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“Comics have a problem, and that is continuity — the obsession with placing the characters in an existing world, where every event is marked in canon. You’re supposed to believe that these weepy star boys of now are the same gung ho super teens fighting space monsters in the sixties, and they’ve only aged perhaps five years. It eventually strains credulity, and can shackle a writer who wants to try a something new. Very few narrative forms have to deal with this principle, and a fan base that gets mad when it’s violated, except for maybe soap operas (which is what comics are). So there are these periodic memory wipes and start-overs. But to me, it never felt right with the Legion. There are just too many of these kids, none of them is iconic, the whole pleasure is the continuity– the evolution of comic styles and sensibility encoded in their being.”
– author, humorist and Legion of Super-Heroes fan John Hodgman, on why the DC Comics property has been rebooted so many times over the past 55 years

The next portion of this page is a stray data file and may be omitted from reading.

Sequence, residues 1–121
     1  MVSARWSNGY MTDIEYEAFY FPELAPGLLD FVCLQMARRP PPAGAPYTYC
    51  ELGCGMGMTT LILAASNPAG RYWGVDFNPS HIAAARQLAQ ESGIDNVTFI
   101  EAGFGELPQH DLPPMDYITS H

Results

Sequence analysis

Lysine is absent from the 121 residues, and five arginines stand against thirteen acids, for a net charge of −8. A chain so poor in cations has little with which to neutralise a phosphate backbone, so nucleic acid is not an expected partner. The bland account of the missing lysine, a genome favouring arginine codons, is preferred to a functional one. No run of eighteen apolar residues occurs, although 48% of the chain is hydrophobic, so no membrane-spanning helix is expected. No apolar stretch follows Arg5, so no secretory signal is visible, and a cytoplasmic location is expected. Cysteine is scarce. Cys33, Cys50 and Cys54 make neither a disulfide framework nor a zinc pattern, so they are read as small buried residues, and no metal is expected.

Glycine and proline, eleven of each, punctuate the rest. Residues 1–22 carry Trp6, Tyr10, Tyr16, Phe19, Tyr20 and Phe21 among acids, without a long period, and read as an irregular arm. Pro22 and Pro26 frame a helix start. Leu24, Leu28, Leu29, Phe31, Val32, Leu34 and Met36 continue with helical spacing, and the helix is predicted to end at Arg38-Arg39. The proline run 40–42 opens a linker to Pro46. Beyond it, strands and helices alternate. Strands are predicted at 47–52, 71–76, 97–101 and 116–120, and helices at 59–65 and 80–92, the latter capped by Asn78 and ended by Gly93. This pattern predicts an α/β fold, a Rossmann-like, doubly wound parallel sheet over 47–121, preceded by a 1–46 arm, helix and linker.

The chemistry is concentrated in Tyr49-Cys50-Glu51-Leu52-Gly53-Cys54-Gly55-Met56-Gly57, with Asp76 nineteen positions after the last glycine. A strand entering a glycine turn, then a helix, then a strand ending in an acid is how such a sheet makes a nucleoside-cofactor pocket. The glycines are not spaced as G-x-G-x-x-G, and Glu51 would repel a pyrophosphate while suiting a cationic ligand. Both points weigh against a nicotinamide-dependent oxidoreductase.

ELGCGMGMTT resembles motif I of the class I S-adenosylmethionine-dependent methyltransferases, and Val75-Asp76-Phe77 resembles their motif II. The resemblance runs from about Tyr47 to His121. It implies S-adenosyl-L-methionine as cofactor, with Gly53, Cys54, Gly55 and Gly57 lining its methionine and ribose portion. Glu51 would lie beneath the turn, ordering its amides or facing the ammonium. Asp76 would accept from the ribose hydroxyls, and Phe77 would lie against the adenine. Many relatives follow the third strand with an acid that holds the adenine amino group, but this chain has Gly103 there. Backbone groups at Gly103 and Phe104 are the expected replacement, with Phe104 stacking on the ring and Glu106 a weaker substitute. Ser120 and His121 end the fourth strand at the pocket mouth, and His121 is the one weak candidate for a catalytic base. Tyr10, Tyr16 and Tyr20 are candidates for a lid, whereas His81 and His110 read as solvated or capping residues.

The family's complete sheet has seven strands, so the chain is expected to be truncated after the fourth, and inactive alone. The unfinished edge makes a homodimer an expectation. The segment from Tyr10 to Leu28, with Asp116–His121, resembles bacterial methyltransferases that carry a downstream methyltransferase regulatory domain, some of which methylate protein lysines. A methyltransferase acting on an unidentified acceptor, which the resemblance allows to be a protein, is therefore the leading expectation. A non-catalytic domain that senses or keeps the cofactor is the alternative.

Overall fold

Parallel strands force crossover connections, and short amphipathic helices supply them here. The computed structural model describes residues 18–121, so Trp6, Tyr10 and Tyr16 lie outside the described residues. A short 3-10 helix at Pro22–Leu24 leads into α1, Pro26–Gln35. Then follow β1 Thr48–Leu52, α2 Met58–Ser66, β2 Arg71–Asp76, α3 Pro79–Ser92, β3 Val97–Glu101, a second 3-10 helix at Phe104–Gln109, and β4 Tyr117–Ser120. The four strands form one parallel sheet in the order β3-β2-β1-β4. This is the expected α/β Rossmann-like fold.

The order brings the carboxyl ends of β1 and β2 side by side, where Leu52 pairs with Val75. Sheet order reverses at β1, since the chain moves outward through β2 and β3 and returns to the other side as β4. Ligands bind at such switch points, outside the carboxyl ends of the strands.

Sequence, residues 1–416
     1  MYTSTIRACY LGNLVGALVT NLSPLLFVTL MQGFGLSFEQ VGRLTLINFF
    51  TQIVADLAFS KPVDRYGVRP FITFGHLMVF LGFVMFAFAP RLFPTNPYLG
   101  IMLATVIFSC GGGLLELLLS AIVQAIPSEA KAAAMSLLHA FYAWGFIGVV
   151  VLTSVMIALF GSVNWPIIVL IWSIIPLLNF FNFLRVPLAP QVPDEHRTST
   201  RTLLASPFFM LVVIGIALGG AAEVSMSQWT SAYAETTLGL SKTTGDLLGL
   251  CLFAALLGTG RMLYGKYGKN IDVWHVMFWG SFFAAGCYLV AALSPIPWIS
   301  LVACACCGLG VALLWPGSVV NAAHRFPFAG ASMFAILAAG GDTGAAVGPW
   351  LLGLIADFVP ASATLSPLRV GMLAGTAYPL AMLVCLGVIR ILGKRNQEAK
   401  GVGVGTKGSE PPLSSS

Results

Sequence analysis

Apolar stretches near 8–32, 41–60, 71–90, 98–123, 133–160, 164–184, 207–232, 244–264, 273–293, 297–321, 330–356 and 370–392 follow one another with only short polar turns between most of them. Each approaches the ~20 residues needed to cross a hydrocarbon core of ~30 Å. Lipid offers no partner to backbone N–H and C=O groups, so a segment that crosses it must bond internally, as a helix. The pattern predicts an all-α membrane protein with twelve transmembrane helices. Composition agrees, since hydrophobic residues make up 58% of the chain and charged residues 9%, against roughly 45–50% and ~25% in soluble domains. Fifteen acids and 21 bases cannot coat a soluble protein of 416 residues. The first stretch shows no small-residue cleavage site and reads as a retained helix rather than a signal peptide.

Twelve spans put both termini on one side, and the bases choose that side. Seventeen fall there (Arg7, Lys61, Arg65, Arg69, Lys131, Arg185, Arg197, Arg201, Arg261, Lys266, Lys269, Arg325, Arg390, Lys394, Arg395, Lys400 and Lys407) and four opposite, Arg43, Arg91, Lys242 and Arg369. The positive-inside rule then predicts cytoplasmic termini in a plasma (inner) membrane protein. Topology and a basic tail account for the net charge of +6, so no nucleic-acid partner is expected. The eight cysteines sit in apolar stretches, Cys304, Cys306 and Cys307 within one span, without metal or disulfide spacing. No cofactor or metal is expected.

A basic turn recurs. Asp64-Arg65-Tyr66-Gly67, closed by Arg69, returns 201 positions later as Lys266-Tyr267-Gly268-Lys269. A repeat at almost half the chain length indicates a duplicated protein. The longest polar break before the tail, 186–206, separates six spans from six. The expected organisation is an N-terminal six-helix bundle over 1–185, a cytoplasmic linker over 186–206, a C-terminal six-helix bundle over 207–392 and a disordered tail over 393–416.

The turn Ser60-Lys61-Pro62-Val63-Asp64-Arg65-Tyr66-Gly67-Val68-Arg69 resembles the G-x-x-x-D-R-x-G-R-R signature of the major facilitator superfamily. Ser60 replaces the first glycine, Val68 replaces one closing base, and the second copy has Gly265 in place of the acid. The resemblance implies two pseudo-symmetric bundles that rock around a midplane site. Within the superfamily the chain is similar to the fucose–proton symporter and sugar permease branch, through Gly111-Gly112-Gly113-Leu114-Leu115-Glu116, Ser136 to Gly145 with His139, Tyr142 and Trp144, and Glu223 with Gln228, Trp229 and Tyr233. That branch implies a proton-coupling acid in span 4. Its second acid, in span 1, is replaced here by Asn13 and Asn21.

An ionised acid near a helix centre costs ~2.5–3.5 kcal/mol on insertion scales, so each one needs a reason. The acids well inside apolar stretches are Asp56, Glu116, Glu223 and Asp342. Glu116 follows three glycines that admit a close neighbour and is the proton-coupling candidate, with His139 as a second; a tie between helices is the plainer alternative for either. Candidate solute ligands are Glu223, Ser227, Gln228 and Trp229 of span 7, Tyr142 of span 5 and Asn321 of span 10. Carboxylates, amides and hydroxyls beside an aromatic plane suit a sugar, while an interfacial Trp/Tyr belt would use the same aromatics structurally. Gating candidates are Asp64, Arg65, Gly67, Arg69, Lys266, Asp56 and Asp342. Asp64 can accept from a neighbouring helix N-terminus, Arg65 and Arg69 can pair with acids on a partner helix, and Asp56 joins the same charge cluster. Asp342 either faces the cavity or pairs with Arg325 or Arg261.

Talk about your harmonic nerd convergences: John Hodgman spoke with George R.R. Martin about Marvel Comics in yesterday’s episode of public radio’s The Sound of Young America. In one corner: George R.R. Martin, author of the epic fantasy series A Song of Ice and Fire and its #1 New York Times–bestselling latest installment A Dance with Dragons, executive producer of the HBO television adaptation Game of Thrones, and inspiration for Dynamite Entertainment’s own comics adaptation A Game of Thrones, whose first issue debuts tomorrow. In the other corner: John Hodgman, nerd-friendly writer, comedic cultural commentator for The Daily Show, and “I’m a PC” guy, filling in as the radio program’s guest host. The topic: One of Martin’s first pieces of published writing, a piece of fanmail published in Avengers #12 in 1964 when Martin was 16 years old.
Hodgman used the letter, which entered wide Internet circulation a few weeks back, to kick off the interview. And he was probably kidding around when he asked Martin to explain why his 16-year-old self believed Avengers #9 to be superior to Fantastic Four #32, as his letter had argued. But once Hodgman jogged Martin’s memory by reminding him that Avengers #9 marked the debut of Wonder Man, Martin knew exactly why he liked the issue so much. His explanation to Hodgman is a solid exploration of why the early Marvel superhero comics were so groundbreaking for the genre — and in offering it, Martin seems to come to the realization that that issue had an impact on his own writing that resonates with him to this day. (For readers of the book or viewers of the show, the influence will be obvious.)
Read a transcript of the relevant section below, then listen to the entire interview.